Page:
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Thursday, January 22, 2004
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Don’t renew the Patriot Act as is
Bill attacks civil liberties for security’s sake

In his recent State of the Union Address, President Bush called on Congress to renew the Patriot Act, granting law enforcement agencies, such as the Federal Bureau of Investigation, extended abilities to fight terrorism.

Some provisions, such as the infamous Section 215, go far beyond fighting terrorists and do a great deal to erode the rights of law-abiding Americans.
Section 215 allows the FBI to look up what an individual has been checking out of the library, where a person has traveled, and even personal health information. Investigators can obtain this information with almost no formalities, without the individual’s knowledge. The person in question has no judicial means of appeal.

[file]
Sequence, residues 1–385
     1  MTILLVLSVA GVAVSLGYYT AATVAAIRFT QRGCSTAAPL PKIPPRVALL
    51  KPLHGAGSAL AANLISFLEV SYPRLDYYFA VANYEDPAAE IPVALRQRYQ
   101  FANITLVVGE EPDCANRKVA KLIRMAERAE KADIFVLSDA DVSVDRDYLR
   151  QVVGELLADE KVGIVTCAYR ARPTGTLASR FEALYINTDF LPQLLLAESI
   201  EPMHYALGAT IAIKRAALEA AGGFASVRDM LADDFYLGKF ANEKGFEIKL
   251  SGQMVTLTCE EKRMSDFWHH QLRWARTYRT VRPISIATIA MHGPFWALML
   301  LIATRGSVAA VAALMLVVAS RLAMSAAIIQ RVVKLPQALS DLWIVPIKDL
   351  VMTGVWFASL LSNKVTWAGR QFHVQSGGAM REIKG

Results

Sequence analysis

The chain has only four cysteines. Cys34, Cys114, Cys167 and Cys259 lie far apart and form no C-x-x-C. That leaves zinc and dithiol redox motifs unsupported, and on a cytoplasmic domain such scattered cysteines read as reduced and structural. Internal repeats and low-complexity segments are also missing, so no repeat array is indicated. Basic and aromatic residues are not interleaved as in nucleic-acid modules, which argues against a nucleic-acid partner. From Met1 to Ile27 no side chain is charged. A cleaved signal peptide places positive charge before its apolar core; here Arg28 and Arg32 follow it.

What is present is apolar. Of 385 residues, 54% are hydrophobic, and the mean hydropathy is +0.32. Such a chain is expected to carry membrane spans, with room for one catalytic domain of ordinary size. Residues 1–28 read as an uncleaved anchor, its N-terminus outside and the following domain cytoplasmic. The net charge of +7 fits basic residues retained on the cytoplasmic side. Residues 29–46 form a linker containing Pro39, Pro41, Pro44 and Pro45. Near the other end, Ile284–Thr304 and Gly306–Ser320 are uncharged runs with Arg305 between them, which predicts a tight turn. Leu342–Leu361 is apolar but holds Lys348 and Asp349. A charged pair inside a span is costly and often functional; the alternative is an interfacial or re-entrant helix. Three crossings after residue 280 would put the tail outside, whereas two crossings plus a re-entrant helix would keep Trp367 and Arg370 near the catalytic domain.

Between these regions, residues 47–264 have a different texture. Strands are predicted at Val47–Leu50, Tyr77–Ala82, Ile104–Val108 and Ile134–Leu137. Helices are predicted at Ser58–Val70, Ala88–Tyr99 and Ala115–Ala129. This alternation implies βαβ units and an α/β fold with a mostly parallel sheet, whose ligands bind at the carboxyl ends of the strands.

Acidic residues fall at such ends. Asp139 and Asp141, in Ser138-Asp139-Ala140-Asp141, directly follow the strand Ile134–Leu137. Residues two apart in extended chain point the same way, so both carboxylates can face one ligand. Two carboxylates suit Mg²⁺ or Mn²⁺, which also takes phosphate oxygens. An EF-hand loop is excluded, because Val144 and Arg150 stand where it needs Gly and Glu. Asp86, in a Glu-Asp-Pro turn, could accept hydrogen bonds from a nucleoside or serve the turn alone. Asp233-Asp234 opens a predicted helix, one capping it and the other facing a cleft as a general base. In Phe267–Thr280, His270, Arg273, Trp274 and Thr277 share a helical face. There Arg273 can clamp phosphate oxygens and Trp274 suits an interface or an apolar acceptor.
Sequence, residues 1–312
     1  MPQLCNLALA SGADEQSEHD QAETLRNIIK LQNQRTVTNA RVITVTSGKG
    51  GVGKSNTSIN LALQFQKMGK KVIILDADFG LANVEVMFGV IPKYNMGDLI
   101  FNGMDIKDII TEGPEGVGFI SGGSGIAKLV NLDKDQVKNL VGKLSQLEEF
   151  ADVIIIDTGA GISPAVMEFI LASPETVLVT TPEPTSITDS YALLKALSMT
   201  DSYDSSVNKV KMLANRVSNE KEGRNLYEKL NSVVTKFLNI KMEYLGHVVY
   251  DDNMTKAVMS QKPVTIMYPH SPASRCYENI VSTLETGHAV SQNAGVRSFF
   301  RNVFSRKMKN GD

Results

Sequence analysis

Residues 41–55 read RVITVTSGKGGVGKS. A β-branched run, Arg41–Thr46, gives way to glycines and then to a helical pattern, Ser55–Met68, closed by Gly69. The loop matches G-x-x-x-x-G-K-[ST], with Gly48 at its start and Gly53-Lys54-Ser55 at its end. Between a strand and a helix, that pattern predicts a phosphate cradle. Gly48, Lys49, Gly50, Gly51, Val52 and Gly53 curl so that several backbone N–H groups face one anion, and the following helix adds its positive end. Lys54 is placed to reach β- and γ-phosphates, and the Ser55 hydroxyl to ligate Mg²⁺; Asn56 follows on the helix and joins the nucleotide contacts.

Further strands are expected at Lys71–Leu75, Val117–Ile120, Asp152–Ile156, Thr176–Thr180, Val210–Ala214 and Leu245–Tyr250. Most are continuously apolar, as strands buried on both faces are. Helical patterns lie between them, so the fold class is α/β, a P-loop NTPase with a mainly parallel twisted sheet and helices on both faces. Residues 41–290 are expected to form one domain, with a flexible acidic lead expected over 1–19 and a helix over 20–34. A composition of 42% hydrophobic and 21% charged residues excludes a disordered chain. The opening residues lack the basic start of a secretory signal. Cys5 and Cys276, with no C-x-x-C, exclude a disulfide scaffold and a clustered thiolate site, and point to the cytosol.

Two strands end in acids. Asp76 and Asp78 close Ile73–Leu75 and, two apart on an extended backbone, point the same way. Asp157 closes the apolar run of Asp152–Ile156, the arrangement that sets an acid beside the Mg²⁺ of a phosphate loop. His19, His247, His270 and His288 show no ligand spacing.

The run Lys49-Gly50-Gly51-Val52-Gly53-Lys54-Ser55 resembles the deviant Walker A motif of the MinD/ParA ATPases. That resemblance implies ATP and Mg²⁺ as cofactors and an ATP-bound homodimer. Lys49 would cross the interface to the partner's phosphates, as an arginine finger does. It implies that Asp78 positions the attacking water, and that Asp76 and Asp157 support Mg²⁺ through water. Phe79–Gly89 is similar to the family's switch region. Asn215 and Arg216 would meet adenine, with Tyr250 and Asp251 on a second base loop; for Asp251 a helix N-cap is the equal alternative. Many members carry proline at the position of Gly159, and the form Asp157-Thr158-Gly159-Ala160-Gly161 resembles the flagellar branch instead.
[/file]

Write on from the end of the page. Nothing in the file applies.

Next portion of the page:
Though Attorney General John Ashcroft insists that Section 215 has yet to be utilized, one has to ask why such powers are needed. The need to renew the law enforcement powers is far from clear.

The Patriot Act is so unpopular that some cities, including Chicago, Philadelphia and Baltimore, and even some states, such as Alaska, Hawaii and Vermont, have passed measures limiting the powers outlined in the act.

While extra measures should be taken to combat terrorism, it should be obvious that preserving our civil liberties is the higher priority. If we allow our rights to be stripped away in the name of security, there may be nothing left to protect.